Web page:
Cody Caves Provincial Park
- Guided Tours are now available in Cody Cave. Please check www.codycavetours.com for full details!
White-nose Syndrome is a fungal disease that has been linked to the mass die-off of hibernating bats in Eastern North America – it poses a significant threat to bats of the west and British Columbia. There is evidence that humans have accelerated the spread through entering caves with contaminated clothing, gear or equipment. Therefore, prevention strategies are focussed on public education/awareness to prevent the introduction of the fungus through human activities. There are currently (JUNE 2011) no reported cases of WNS in BC.
To ensure the protection of bats and their habitat in this park, BC Parks strongly advises that personal caving gear that has been used anywhere east of the Rockies not be used in BC. Also, before entering caves in BC, cavers and visitors should consult the provincial WNS website, which includes a link to a Decontamination Protocol for Mines and Caves.
About This ParkCody Caves is a unique provincial park located in the Selkirk Mountains above Ainsworth Hot Springs. In the Cody Caves System, an underground stream flows for over a kilometre through ancient limestone.
Established Date: July 7, 1966
Park Size: 63 hectares
- Care must be taken while driving on the narrow access road. Please read information signs at the highway turnoff before driving the access road.
- Bring your own water, as potable water is not available in the park.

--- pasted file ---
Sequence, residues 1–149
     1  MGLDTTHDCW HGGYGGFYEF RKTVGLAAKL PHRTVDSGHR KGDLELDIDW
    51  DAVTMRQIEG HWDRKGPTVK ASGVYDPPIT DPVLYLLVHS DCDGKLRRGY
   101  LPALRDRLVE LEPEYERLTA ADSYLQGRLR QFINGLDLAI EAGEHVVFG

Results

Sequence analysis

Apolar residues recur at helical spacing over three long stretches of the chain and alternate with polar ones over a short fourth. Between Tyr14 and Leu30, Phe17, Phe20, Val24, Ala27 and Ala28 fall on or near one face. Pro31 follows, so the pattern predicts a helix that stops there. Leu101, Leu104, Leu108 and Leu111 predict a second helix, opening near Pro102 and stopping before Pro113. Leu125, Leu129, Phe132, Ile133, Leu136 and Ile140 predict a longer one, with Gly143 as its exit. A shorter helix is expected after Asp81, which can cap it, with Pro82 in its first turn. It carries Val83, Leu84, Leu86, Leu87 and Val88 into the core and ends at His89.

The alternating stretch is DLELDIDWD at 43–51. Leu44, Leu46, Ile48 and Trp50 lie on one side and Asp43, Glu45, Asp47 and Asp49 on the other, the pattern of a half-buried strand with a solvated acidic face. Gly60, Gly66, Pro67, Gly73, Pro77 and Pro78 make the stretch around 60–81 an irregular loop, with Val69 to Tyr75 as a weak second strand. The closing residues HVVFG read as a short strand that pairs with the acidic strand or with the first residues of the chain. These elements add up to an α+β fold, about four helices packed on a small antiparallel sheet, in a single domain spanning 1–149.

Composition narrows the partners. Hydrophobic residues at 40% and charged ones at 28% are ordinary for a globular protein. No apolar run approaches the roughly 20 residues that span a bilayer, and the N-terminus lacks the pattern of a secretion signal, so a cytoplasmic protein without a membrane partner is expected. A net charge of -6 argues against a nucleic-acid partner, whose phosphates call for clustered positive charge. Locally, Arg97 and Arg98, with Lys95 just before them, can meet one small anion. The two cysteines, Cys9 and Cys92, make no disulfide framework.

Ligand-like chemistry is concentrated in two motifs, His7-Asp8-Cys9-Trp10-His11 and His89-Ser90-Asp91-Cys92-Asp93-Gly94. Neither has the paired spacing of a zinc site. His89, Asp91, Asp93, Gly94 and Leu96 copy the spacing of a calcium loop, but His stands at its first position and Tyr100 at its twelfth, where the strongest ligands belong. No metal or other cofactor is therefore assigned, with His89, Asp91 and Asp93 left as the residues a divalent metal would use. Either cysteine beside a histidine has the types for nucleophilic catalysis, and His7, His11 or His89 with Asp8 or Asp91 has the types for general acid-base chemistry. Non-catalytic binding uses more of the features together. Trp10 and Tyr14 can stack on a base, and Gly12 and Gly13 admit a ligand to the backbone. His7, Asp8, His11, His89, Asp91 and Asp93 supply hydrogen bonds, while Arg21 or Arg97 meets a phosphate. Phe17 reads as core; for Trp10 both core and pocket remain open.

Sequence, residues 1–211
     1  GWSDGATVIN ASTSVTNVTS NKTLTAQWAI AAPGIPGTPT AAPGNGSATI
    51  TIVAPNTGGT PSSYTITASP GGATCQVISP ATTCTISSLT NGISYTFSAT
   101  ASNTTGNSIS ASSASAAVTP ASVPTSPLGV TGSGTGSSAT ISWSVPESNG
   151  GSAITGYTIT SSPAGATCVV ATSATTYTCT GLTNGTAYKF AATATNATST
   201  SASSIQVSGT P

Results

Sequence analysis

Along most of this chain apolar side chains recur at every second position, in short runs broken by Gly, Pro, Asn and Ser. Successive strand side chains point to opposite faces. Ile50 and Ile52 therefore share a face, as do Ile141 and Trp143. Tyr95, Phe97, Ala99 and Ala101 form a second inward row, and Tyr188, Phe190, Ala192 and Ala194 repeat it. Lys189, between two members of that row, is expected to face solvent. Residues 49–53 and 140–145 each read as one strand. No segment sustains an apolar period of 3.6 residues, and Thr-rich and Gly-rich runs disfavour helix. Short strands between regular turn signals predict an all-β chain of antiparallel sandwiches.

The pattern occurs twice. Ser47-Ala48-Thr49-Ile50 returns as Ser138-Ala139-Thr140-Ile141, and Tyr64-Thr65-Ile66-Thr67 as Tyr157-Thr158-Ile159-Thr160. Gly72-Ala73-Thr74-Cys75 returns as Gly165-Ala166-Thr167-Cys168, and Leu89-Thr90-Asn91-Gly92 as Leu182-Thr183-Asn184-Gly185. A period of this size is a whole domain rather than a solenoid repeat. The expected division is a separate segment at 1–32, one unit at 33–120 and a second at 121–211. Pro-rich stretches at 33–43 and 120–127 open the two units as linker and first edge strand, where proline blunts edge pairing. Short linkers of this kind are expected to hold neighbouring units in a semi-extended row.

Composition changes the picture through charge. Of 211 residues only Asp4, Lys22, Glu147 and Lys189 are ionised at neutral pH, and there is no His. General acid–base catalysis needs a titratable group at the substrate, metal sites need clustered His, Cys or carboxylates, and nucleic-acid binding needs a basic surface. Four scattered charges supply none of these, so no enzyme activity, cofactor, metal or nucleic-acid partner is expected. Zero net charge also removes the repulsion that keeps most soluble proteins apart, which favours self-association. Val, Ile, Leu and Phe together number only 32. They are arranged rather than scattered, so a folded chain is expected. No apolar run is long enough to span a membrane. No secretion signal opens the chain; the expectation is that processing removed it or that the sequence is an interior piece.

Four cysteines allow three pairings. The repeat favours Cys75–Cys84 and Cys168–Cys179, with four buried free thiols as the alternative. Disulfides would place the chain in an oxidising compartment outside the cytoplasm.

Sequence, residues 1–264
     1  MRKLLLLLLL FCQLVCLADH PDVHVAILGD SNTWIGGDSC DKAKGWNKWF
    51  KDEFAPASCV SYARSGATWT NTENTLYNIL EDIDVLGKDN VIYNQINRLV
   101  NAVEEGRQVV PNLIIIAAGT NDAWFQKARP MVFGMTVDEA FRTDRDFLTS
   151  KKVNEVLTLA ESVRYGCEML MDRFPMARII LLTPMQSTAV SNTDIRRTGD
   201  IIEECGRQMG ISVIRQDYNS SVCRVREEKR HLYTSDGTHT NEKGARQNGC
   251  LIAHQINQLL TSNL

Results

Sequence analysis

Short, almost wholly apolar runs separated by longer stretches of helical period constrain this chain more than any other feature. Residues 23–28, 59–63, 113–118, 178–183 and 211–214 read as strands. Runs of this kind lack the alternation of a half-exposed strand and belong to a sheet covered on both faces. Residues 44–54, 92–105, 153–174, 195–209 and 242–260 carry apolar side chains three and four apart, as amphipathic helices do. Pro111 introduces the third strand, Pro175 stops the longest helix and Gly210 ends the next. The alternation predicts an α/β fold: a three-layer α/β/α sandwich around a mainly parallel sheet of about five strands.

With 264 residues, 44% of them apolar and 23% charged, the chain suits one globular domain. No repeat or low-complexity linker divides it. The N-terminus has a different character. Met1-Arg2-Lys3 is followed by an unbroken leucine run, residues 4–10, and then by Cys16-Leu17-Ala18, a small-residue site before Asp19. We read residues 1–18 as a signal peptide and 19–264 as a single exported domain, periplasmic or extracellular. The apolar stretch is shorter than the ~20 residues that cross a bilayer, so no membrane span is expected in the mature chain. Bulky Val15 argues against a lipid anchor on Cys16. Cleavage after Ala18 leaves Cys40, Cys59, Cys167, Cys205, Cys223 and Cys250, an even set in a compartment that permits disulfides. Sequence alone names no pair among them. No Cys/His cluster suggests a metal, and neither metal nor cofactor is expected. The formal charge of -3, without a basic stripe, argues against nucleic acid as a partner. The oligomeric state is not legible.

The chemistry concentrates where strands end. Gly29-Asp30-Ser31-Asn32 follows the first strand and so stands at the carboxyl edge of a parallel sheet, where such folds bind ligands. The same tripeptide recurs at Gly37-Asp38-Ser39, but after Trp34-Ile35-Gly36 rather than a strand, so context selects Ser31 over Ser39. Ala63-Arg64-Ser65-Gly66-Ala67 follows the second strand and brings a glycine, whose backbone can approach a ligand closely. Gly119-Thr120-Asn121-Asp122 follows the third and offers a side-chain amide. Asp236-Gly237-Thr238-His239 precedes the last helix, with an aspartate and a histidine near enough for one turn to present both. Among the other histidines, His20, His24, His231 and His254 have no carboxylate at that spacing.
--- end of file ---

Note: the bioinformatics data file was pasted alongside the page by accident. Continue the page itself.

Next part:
Location and MapsPlease note: Any maps listed are for information only – they may not represent legal boundaries and should not be used for navigation. Park Tour Operator for details. Proceed past the houses and follow the main road marked with directional arrows until the parking area and Cody Caves trail sign. The caves are 0.8 km. (about 20 minutes) up the trail. The access road is unsuitable for large motorhomes, vehicles pulling trailers or vehicles with low ground clearance.
Nature and Culture
- History: In the early 1890s slopes above Ainsworth were frequented by hopeful prospectors looking for silver. One of these men, Henry Cody, discovered the Cody Caves. Later, in 1899, the caves were the subject of a short story written by Roger Pocock for “Argosy” magazine entitled “The Noble Five”. This story described a cave whose inner chambers were walled with gold ore. The caves then grew in popularity and were visited by many locals and curious individuals including, in 1908, the governor General of Canada, Earl Grey. Though they are not walled with gold, the caves do contain an impressive display of calcite formations that can be seen in many areas of the approximately 800 metres of explorable passage. These formations are extremely old and have been growing at an average rate of about one cubic centimetre a century. The cave itself began formation when limestone beds laid down almost 600 million years ago were thrust upward by mountain building forces that occurred around 170 million years ago. Although the Cody Caves are almost unimaginably old and carved from solid rock, they are exceptionally fragile and can be irreparably damaged in seconds. In fact the caves have probably experienced more change in the 90 years since their discovery than in the previous 9,000.
- Conservation: Only guided cave tours for visitors’ safety and for protection of the cave’s features.
- General Wildlife, Marine & Outdoor Ethics Information
Management PlanningManagement Planning Information
- The approved management direction statement for Cody Caves Provincial Park [PDF 405.19KB] is available in PDF format.
Activities Available at this Park
Pets on Leash
Pets are allowed in the park, but must be on a leash at all times. You are responsible for their behaviour and must dispose of their excrement. Backcountry areas are not suitable for dogs or other pets due to wildlife and the potential for problems with bears.